Normal Respiratory Rate, Volume, Chart, ...
Normal respiratory rate in adults is 12 breaths/min. Normal breathing, as we discussed, is strictly nasal (in and out), mainly diaphragmatic (i.e., abdominal), slow (in frequency) and imperceptible (or small/shallow in its volume).
The physiological and medical norm for respiratory minute
ventilation at rest is 6 liters per minute for a 70 kg man (see references for
textbooks below: Guyton, 1984; Ganong, 1995; Straub, 1998; Castro,
2000; etc.). These textbooks also provide the following
numbers for normal breathing:
- normal TV (tidal volume or air volume breathed in during a single breath): 500 ml;
- normal Rf (respiratory frequency or respiratory rate): 12 breaths per minute;
- inspiration: about 1.5-2 seconds;
- normal exhalation is 1.5-2 seconds, followed by an automatic pause (no breathing for 1-2 seconds).
Respiratory Rate Chart (Graph)
This graph represents the normal-breathing pattern at rest or the dynamic of the lungs' volume as a function of time. You can see that it corresponds to the normal breathing rate of 12 breaths/minute.
Warning. We cannot measure our own breathing frequency or respiratory rate since our breathing immediately changes once we pay attention to it. We breathe slower and deeper. Your result can be 2-3 times smaller than your real number during your basal-breathing pattern at rest (e.g., you will count 7 breaths/min, while your actual breathing rate is about 18-20 breaths/min). Hence, you can breathe faster than the normal respiratory rate, but your test can show that you breathe slower than the normal respiratory rate (12 breaths/min). This is a common mistake.
Other parameters of normal breathing
“If a person breath-holds after a normal exhale, it takes about 40 s before breathing commences” (McArdle et al, 2000). Hence, the normal breath-holding number (immediately after usual exhalation and after an exhale) is around 40 s. This indicates normal oxygenation of cells and tissues.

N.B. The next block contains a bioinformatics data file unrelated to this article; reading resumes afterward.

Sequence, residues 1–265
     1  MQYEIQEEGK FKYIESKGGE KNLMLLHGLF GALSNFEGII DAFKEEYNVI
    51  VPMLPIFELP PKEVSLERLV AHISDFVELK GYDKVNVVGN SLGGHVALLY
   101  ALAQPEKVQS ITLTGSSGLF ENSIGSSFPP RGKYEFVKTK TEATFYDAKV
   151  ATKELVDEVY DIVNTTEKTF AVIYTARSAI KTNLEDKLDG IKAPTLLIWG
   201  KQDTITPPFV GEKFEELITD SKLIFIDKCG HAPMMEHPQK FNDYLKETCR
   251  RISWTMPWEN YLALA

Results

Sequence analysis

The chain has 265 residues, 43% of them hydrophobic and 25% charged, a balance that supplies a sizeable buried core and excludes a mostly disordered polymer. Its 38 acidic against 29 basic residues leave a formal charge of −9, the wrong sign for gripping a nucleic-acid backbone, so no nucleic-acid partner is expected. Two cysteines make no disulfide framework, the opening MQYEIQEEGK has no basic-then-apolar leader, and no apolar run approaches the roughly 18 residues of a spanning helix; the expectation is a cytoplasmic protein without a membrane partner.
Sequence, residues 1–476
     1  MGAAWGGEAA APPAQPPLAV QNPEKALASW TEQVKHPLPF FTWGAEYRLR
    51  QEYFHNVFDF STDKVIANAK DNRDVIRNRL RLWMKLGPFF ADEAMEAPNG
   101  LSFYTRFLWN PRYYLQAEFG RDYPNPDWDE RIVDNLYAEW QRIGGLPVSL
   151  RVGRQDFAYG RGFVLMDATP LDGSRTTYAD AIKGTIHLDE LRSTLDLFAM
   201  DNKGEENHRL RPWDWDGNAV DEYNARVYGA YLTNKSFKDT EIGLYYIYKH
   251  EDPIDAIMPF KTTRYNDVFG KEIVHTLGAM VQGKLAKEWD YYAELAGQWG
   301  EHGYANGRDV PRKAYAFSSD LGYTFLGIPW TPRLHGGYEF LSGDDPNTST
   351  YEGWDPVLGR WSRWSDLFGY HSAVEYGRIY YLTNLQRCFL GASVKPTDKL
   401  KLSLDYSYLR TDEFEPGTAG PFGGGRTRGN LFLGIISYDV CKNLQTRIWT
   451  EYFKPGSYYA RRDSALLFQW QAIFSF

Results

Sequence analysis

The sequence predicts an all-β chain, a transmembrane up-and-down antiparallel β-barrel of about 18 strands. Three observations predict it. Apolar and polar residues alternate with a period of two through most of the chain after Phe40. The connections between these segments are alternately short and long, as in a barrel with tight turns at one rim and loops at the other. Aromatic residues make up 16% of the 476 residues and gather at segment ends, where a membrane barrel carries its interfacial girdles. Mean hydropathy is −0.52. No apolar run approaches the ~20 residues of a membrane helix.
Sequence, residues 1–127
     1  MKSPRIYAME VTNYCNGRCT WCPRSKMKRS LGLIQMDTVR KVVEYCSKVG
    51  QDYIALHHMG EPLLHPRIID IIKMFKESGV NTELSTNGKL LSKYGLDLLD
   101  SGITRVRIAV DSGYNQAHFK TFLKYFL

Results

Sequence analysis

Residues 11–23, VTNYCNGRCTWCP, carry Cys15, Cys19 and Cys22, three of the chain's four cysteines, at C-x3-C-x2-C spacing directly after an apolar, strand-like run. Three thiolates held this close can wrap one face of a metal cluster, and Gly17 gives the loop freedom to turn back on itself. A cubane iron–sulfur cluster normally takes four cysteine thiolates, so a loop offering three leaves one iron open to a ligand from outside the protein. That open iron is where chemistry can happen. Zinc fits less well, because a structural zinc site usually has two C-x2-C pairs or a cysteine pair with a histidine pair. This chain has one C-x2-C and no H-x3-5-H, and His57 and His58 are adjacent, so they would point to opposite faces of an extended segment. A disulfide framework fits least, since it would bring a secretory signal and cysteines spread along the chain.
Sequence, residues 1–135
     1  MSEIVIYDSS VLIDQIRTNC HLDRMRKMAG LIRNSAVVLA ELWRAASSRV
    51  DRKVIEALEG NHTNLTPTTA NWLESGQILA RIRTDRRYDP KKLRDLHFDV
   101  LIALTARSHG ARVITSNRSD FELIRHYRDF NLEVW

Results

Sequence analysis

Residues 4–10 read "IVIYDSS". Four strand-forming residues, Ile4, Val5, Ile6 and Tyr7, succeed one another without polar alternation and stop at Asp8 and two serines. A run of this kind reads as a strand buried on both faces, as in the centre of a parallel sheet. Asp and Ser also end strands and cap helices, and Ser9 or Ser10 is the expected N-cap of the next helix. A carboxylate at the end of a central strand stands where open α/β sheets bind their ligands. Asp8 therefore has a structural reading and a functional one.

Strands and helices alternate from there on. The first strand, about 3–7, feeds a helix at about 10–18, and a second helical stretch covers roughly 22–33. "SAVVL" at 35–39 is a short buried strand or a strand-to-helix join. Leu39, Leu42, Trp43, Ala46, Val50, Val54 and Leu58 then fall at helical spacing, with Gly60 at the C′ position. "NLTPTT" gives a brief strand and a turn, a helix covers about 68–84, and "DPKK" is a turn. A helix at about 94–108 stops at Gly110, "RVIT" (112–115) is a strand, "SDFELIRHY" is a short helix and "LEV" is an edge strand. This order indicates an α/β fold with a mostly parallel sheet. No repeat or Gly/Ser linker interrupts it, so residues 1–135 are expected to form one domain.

The current medical norm for CO2 pressure in the alveoli of the lungs or arterial blood is 40 mm Hg. This number was established about one century ago by famous British physiologists Charles G. Douglas and John S. Haldane (Oxford University). Their results were published in 1909 in their article "The regulation of normal breathing", Journal of Physiology (Douglas & Haldane, 1909).
What is known about other parameters of normal breathing? It is invisible (no chest or belly movements), regular, and inaudible (no panting, no wheezing, no sighing, no yawning, no sneezing, no coughing, no deep inhalations or exhalations).
Pediatric Respiratory Rate Chart
(Newborn, Toddlers, Infants, and Children)
(the source for this chart: Normal respiratory rate for children; source: health.msn.com)
|Groups and ages||Normal respiratory rates|
|Newborns to 6 months old||30-60 breaths/min|
|6 to 12 months old||24–30 breaths/min|
|1 to 5 years old||20–30 breaths/min|
|6 to 12 years old||12–20 breaths/min|
Important note. Clinical evidence suggests that respiratory rates
in healthy children are near the lower limits or even below it.
How to measure one's own breathing?
In order to define your breathing pattern, measure your body oxygenation or breath-holding time after your usual exhalation, but only until the first stress or discomfort. After doing this CP test, one can define their health state using the Buteyko Table of Health Zones.
The person with normal breathing is going to have about 40 s for the body oxygen test. In the case of chronic overbreathing, breath holding time becomes shorter (see links to Tables and studies below).
Sick people have deep and fast breathing 24/7 and reduced body oxygenation (usually about 10-20 s of oxygen in tissues). In the severely sick and critically ill patients, body oxygenation is below 10 s.
Dr. Buteyko, based on his studies of thousands of healthy and
sick people, suggested different norms for breathing (e.g., Buteyko,
1991). What are his norms? For example, his normal respiratory rate
is only 8 breaths/min. Here are his numbers for normal breathing:
- normal minute ventilation: 4 l/min;
- normal tidal volume (air volume breathed in during a single breath): 500 ml;
- normal breathing rate or frequency: 8 breaths per minute;
- inspiration: about 1.5 seconds;
- exhalation: 2 seconds;
- automatic pause (or period of no breathing after exhalation): 4 seconds;
- breath holding time (after usual exhalation and without any stress at the end of the test): 60 seconds;